To All a Goodnight (1980) Review

To All a Goodnight Poster

Despite having a very mixed reputation, To All a Goodnight is a film that horror fans should try to see even if only for its historical value. Released in January 1980, while Christmas Evil was still filming, it’s the first killer Santa film and the only film directed by David Hess (Last House on the Left, House on the Edge of the Park).

To All a Goodnight was written by Alex Rebar, probably best remembered for playing the title role in The Incredible Melting Man, but he also wrote Demented and had a “collaborating writer” credit on another cult favourite, Beyond the Door. And as if that wasn’t enough, it was the first role for Jennifer Runyon (Charles in Charge, Up the Creek, Bloodsucka Jones vs. The Creeping Death) and has porn superstar Harry Reems (Forced Entry, Deep Throat) in a small role, if that’s possible.

Like many slashers, To All a Goodnight opens several years before the main events with a prank going wrong and leading to a mannequin, I mean a young girl, falling off a balcony to her death. This Christmas six of the students at Calvin Finishing School for Girls, Nancy (Jennifer Runyon), Melody (Linda Gentile), Leia (Judith Bridges, The Kid from Nowhere), Trisha (Angela Bath, Portrait of a Showgirl), Sam (Denise Stearns) and Cynthia (Lisa Labowskie) are staying there for the holidays, with only Mrs. Jensen (Kiva Lawrence, Wrong is Right, Schizoid) to watch over them.

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One glass of milk laced with sleeping pills later Mrs. Jensen is passed out and there’s nothing to stop the girls from getting with TJ (William Lauer) and his friends who’ve flown up in his dad’s plane. Nothing except a Santa with a sack full of sharp objects for all the bad girls and boys.

To get the most noticeable problem with To All a Goodnight out of the way, yes, the film suffers from horrible lighting. Several scenes are so dark it’s next to impossible to tell what’s happening. It’s a problem that persists, though to a lesser degree, in the restored Blu-Ray. Thankfully though you can usually see the film’s gore effects and, this being an 80s slasher, the occasional flash of female flesh.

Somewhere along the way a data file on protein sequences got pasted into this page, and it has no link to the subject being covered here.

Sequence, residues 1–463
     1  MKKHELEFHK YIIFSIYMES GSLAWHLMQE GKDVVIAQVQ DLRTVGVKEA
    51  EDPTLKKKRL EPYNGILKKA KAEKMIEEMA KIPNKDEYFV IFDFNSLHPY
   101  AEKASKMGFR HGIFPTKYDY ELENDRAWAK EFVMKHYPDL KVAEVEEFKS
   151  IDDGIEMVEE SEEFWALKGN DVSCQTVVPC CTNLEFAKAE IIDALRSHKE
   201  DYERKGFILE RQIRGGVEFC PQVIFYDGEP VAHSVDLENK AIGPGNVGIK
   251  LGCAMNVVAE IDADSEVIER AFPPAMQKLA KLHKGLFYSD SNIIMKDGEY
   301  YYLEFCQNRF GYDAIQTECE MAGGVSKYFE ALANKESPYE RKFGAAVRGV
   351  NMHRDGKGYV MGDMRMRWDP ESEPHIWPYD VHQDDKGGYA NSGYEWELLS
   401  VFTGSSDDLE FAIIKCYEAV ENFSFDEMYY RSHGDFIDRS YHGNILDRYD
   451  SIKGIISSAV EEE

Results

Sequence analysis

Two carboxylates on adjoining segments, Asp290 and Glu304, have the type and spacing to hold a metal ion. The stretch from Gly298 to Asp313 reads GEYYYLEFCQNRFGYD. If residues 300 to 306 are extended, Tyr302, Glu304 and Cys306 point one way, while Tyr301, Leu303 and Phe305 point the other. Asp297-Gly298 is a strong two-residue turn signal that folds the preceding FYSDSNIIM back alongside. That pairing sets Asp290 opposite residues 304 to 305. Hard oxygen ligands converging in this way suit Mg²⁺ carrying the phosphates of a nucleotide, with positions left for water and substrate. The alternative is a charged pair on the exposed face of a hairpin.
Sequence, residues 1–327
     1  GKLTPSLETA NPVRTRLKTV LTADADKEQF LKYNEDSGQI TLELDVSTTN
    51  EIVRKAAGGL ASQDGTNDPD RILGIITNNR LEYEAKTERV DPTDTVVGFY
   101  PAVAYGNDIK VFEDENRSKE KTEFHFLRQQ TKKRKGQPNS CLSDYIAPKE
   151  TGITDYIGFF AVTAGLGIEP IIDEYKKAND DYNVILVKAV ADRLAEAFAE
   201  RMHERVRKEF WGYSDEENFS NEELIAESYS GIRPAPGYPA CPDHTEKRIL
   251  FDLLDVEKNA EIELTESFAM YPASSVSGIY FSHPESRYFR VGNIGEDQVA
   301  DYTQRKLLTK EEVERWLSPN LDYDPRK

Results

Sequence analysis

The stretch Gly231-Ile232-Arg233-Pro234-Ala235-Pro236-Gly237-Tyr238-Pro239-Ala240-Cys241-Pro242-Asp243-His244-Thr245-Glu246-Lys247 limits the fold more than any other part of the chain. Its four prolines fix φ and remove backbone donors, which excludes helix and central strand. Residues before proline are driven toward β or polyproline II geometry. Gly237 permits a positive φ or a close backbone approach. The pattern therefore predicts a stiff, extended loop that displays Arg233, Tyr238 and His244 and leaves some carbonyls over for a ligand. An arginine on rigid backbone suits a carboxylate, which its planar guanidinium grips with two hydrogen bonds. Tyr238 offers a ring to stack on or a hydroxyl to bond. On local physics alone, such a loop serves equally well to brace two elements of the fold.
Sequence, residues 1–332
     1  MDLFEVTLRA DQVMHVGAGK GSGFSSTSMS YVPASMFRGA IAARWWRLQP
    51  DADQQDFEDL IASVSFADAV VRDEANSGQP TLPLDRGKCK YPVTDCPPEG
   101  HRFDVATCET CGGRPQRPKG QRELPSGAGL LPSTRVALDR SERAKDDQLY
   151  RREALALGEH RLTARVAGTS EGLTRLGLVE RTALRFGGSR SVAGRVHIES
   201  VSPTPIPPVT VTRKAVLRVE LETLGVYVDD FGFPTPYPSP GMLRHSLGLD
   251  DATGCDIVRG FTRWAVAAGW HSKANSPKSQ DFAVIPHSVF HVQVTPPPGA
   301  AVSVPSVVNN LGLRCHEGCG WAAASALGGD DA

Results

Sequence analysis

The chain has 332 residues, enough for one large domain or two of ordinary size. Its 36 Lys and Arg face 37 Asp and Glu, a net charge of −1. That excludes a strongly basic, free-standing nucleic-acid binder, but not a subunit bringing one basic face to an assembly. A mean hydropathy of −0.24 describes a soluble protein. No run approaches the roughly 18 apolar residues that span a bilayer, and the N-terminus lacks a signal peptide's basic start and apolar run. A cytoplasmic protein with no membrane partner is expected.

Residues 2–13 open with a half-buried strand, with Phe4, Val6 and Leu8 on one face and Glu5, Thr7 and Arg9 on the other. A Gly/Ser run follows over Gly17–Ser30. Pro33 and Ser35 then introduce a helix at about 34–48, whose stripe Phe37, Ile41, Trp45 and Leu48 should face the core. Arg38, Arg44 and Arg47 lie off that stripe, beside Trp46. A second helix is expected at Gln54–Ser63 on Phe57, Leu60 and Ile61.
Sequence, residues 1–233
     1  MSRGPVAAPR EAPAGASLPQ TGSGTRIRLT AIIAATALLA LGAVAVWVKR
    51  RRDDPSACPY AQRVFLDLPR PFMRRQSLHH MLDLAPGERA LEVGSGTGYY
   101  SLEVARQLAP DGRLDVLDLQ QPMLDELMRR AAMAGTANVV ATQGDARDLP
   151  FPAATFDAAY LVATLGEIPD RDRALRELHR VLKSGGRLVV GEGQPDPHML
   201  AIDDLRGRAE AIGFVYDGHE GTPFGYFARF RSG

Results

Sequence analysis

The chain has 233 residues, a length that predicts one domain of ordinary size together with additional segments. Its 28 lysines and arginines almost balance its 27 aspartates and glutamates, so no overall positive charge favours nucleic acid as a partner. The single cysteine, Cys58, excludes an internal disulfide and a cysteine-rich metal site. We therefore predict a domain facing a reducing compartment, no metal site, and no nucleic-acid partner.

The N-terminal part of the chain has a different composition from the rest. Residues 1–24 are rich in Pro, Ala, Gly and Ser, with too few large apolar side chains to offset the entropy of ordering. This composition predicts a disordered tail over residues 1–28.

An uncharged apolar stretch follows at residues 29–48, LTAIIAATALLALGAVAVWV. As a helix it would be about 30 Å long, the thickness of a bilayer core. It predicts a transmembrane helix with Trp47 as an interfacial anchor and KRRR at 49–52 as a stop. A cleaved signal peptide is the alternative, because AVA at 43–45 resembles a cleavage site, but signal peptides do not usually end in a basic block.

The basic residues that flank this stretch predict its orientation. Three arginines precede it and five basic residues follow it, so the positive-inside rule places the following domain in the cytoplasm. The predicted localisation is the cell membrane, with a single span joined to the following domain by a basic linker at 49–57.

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The film boasts a high body count, and several of the kills are impressive including a crossbow bolt through the head, a garroting and double death by airplane propellor. Unfortunately, the effects by a young Mark Shostrom (The Sword and the Sorcerer, Evil Dead II), for whom this was his first film, don’t always rise to the occasion. But given the film’s entire budget was only seventy thousand dollars, (about two hundred and thirty-six thousand dollars today) he did well with what he had to work with.

While the plot has so many familiar elements that it feels generic now, To All a Goodnight was one of the first slashers to reach the theatres, even beating Friday the 13th, with which it shares a couple of plot points, by several months. It does however borrow from the first slasher film, Black Christmas and early prototypes such as Tower of Evil aka Horror on Snape Island.

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Which is not to say that the plot doesn’t have its problems. The film takes place over two nights and very few of the cast seem all that bothered by the fact one person has been murdered and several others are missing. They’re almost all more interested in getting laid again. Given that, Runyon’s character seems incredibly out of place as the cute, virginal, pigtailed girl in a house full of sex-crazed females who give a whole new meaning to cockeyed. She’s almost too pure even by final girl standards.

But for all its faults To All a Goodnight has remained one of my favourite seasonal slashers since I first rented it on VHS. It builds to a nice finish with an unexpected pair of twists and a final image that’s both chilling and poetic. It’s an enjoyable slice of early slasher history and one that deserves a reappraisal.

To All a Goodnight is available on DVD, Blu-Ray and on various streaming platforms including Shudder.

The very NSFW Trailer

Our Score
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